This is part of our series of blogs on the posterior chain. In this blog, we’ll take a detailed look at the consequences of a weak posterior chain and why this kind of weakness can occur.
Weak posterior chain symptoms
The posterior chain makes up all of the muscles that are on the back (posterior) of your body. Having and maintaining a strong posterior chain will enable you to move correctly and efficiently and will ensure that injuries across the board are minimised.
Whilst we can never favour one muscle group in the body due to the importance of every muscle group working together as a whole, the posterior chain is of particular importance due to the fact that it is so often neglected.
In this article, we will cover some of the common causes of having a weak posterior chain, some of the common injuries and most importantly, what you can do about it to help strengthen the posterior chain and remain injury free, strong and healthy for life.
Weak posterior chain: Knee pain
A weak posterior chain can often lead to knee pain. As most now know, the posterior chain is grouped into three major muscle groups, the back, the glutes and the hamstrings, all of which contain a number of muscles within each group.
When it comes to knee pain specifically, having strong and well-functioning hamstrings and glutes is essential in avoiding unnecessary aches and pains and overtime injuries. The glutes are big stabilisers of the lower limbs as a whole, and the hamstrings (mainly responsible for extending the leg backwards (think kicking someone who is behind you).
With specific regards to the glutes in knee pain, if you have weak glutes, you will likely have poor stability and control of your hips, lower back and lower limb areas. Gluteus maximus, medius and minimus play a key role in ensuring the hips remain strong and stable which directly transfers to a stronger and more stable lower back and a strong and more stable overall lower limb area.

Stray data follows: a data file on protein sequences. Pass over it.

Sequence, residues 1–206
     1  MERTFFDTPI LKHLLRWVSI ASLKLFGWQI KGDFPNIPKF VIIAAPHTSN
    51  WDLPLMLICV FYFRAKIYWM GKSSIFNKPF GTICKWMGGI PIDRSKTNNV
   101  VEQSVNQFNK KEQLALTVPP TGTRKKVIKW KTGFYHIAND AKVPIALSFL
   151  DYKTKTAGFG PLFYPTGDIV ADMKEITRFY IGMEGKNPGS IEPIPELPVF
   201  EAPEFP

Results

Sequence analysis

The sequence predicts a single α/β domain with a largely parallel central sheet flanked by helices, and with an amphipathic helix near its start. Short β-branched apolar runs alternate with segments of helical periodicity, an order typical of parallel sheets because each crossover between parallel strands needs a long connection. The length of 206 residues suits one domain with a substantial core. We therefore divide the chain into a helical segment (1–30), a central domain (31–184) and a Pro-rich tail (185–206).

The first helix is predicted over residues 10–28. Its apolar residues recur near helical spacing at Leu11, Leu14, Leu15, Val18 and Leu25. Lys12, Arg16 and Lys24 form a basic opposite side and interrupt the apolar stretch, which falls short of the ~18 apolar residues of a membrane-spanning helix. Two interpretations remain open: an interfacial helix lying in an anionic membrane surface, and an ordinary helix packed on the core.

As the knee is not actually physically attached directly to the bony structures of the body and is instead ‘free floating’ and held in place by muscles (mainly the quadriceps but helped by hamstrings and other lower leg muscles) the strength and stability of the glutes play a vital role in ensuring the knee is kept strong and sturdy in any daily movements you complete. Think of bending down to pick up dishes from the dishwasher, running for the bus, or walking down or up the escalator. All of these require stability of the knee joint as a whole, and a lot of this is driven by the glutes and the hamstrings.
Should you not gain the stability and support required from your posterior chain, you are likely over a period of time to experience pains and niggles, which can, if not addressed, lead to more serious injuries such as patella tendonitis, misaligned kneecap, damaged meniscus, bursitis, stress on the ACL, PCL and MCL ligaments.
In order to fix this and to avoid any unnecessary pains, train your posterior chain to become strong and functional using resistance-based exercises which in turn will help build strength and muscle mass around the glutes, hamstrings and lower back areas.
Weak Posterior Chain: Lower back pain
Weak posterior chain and lower back pain all cases go hand in hand. As we mentioned above, the posterior chain is broken down into three major sections in most cases, the lower back itself, the glutes and the hamstrings.